Why "Buy and Hold" is Dead -- and 3 Different Strategies to Try Today

By David Sterman,

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There are so many crosscurrents in the U.S. economy right now that the stock market has no idea where it wants to go. Every trading day, we get a new set of items to digest that sets a short-term trend for the market. As a result, investors should be holding a portfolio comprised of both long-term holdings and short-term plays affected by the market's near-tem gyrations.

Here's a look at my three favorite trading styles.

1.Watch the volume
Trading volume -- for a particular stock or the whole market -- is a key tell. Generally speaking, a stock that is selling down on average or larger-than-average volume should be of real concern. This tells me that an ample number of investors see problems coming. But any stock that is falling on lighter-than-usual volume could set up an attractive opportunity, because low volume indicates apathy rather than any real underlying problems.

Often times, a stock just moves out of the spotlight and few buyers are around to support it. This often happens after a stock has had nice run and is simply tired. I occasionally screen for stocks that have fallen more than -20% in the past three months on low volume. Investors can easily get daily volume figures on Yahoo! Finance. The main drawback to this approach is that shares may stay out of the spotlight even longer, meaning you'll need patience to see a rebound.

As an example, shares of Assured Guaranty ( AGO ) , a municipal bond insurer, saw its shares drift lower on decreasing volume in June. Trading volumes that month were roughly half of May's numbers, and shares lazily drifted toward their 52-week low as we moved into July. But the company posted stellar quarterly results Thursday evening, pushing shares up nearly +10% in Friday trading. It seems that sell-off was simply a result of apathy rather than a signal something was seriously wrong.

This also applies to the broader stock market. If the market is steadily falling on lighter-than-usual volume, then we're simply seeing buyer fatigue rather than a heavy amount of sellers. Conversely, rising volumes and sinking indexes are often a sign of more pain to come.

2. The closed-end fund gap
All closed-end mutual funds trade for a price that is distinct from the actual underlying values of the fund's holdings. On rare occasion, funds will trade at a slight premium to the Net Asset Value ( NAV ) of those funds, but most of the time, they will trade at par or at a slight discount. But occasionally a closed-end fund will start to trade at an increasingly large discount to NAV , which is more of a function of disinterest in the fund rather than any stress in the underlying portfolio. Investors can target funds selling at the sharpest discount to NAV , and make some nice short term gains before others notice the disconnect and bid the fund back up.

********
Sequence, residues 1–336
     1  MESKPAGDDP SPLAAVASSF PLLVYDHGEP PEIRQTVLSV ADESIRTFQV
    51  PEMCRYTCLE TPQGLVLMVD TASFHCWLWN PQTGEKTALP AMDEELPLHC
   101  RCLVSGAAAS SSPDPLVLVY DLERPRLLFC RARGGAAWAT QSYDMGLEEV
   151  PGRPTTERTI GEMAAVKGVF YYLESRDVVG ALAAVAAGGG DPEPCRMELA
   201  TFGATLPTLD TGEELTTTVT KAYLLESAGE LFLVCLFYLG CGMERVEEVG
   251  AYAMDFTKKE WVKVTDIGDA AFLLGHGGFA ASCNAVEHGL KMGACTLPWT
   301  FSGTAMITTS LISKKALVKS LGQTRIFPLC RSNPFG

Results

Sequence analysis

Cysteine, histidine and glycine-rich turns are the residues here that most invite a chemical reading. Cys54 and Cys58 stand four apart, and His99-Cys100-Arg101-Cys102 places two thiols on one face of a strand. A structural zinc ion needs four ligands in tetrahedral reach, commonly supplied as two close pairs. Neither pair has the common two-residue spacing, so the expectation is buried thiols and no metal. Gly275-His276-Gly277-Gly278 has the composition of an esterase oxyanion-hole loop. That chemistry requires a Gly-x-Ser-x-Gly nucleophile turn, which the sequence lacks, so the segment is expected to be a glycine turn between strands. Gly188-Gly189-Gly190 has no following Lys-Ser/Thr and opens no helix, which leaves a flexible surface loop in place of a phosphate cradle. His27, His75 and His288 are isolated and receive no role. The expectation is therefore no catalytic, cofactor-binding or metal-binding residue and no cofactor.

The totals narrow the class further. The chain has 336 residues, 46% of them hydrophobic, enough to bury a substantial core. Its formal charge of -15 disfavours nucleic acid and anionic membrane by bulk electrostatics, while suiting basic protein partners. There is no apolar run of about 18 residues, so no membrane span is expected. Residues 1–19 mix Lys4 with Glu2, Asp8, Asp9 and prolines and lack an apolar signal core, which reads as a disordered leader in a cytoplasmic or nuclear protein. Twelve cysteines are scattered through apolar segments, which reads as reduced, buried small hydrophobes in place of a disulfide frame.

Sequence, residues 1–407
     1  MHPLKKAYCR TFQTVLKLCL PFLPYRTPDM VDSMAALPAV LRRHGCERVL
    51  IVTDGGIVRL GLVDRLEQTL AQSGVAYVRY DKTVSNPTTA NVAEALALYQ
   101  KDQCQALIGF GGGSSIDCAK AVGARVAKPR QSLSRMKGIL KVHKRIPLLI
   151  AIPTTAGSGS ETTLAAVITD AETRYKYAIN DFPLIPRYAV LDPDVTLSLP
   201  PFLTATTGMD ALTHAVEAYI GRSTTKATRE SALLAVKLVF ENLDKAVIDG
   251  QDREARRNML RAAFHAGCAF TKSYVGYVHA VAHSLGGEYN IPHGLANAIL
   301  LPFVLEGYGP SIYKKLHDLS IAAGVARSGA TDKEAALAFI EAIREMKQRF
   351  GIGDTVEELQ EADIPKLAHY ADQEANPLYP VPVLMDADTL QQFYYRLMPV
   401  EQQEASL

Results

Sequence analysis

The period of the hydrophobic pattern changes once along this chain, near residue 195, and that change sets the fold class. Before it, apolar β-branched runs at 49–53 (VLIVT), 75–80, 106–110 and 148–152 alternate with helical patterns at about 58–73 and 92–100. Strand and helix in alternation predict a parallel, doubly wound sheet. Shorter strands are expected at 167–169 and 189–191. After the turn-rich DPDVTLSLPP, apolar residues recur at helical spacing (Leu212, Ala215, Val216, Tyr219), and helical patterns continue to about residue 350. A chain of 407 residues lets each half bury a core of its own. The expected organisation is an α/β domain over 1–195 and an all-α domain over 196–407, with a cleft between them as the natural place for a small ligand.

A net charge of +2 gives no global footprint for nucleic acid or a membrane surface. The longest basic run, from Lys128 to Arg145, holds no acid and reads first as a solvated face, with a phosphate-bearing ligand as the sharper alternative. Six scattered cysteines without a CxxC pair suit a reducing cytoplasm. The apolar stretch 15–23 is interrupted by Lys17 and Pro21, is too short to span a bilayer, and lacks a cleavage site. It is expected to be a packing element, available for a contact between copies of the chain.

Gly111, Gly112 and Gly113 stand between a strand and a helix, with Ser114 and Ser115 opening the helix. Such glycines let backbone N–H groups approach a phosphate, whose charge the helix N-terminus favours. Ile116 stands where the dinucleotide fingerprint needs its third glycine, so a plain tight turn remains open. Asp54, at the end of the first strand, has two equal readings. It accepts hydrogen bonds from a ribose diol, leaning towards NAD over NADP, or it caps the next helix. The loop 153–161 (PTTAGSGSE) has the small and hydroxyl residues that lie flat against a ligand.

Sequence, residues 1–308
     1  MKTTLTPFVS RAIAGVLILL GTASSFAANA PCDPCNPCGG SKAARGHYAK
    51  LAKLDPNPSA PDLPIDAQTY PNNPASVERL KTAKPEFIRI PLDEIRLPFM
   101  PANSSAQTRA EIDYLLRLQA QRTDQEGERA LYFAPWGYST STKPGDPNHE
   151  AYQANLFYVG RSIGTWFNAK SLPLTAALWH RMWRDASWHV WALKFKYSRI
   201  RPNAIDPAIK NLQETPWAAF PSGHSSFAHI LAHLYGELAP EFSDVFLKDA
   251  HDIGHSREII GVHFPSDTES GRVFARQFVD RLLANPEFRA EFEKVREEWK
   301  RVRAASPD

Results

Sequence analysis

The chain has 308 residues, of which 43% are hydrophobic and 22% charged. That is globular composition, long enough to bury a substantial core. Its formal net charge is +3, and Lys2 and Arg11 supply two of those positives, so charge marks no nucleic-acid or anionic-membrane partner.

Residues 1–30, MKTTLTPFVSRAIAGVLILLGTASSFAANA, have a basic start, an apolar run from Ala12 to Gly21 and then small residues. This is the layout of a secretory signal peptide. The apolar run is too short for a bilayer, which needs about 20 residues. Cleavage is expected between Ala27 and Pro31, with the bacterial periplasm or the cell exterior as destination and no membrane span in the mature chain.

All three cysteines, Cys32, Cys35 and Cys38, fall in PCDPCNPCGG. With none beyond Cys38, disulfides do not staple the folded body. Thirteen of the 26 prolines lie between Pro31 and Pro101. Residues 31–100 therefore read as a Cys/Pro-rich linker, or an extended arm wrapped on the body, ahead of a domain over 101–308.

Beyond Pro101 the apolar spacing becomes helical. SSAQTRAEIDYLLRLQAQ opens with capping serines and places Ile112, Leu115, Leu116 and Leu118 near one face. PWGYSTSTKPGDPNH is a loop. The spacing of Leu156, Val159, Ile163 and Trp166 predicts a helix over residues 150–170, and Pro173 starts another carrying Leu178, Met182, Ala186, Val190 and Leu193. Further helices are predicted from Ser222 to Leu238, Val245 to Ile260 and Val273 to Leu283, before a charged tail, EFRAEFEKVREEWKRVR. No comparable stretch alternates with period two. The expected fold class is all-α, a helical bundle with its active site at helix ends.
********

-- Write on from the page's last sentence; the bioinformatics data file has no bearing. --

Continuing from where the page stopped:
Investors can easily screen for funds trading at a sharp discounts to NAV on websites like fundsdata.com. A recent screen showed that funds like Equus Total Return ( EQS ) and Central Securities Corp. ( CET ) are trading at considerable discounts to their NAVs.

3. The Oversolds
This is a recap of a strategy I discussed at InvestingAnswers.com in early June when discussing Priceline.com (Nasdaq: PCLN) . That company's shares had plunged to around $185 but now flashed a clear buy signal. (Shares surged $50 on Wednesday and now approach $300, just two months later).

That buy signal: analyst sentiment. Hedge funds and mutual funds had just dumped shares aggressively, but an increasing number of analysts were coming out of the woodwork to say shares were oversold. Near the end of that article, I noted that "As the analyst chorus becomes more positive, the stock chart should soon follow."

My concluding paragraph sums up this strategy best:

"Wall Street pros often have a surprisingly simple approach that any individual investor can replicate. They find stocks that are farthest from their price targets, and then simply wait until the sellers have been flushed out of the stock. When they see the targeted stock moving sideways for several sessions, they pounce. Indeed, many of the same funds that sold Priceline.com back at $250 probably find shares more appealing now that they're close to $180, and they'll be looking to buy back in." Once again, investors can easily find average price targets on Yahoo! Finance in the Analyst Opinion section.

Action to Take --> These are just some of the many short-term and mid-term strategies that can be deployed. In a market like this, investors should be constantly trolling for new ideas and becoming familiar with various screening tools. Whether it's a stock trading off but on low volume, closed-end funds trading at sharp discounts to their NAVs, or stocks well below the average analyst price target, intriguing investment ideas can be found if you look for them.

-- David Sterman

David Sterman has worked as an investment analyst for nearly two decades. He started his career in equity research at Smith Barney, culminating in a position as Senior Analyst covering European banks. David has also served as Director of Research at Individual Investor and has made numerous media appearances over the years, primarily on CNBC and Bloomberg TV. David has a master's degree in management from Georgia Tech. Read More...

Disclosure: Neither David Sterman nor StreetAuthority, LLC hold positions in any securities mentioned in this article.


The views and opinions expressed herein are the views and opinions of the author and do not necessarily reflect those of Nasdaq, Inc.

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This article appears in: Investing Basics
Referenced Stocks: AGO , CET , EQS , NAV , PCLN

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